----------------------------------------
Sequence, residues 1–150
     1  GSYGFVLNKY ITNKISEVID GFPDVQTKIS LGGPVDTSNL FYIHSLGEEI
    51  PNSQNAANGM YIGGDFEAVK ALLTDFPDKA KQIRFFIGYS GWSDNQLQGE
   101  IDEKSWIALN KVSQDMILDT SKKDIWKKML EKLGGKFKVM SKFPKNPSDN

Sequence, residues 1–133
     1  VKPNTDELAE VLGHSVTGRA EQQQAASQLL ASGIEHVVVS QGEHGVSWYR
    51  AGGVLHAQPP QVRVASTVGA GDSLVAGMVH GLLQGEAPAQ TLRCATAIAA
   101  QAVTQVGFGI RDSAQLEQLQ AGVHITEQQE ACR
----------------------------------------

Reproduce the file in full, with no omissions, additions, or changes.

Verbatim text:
Sequence, residues 1–150
     1  GSYGFVLNKY ITNKISEVID GFPDVQTKIS LGGPVDTSNL FYIHSLGEEI
    51  PNSQNAANGM YIGGDFEAVK ALLTDFPDKA KQIRFFIGYS GWSDNQLQGE
   101  IDEKSWIALN KVSQDMILDT SKKDIWKKML EKLGGKFKVM SKFPKNPSDN

Sequence, residues 1–133
     1  VKPNTDELAE VLGHSVTGRA EQQQAASQLL ASGIEHVVVS QGEHGVSWYR
    51  AGGVLHAQPP QVRVASTVGA GDSLVAGMVH GLLQGEAPAQ TLRCATAIAA
   101  QAVTQVGFGI RDSAQLEQLQ AGVHITEQQE ACR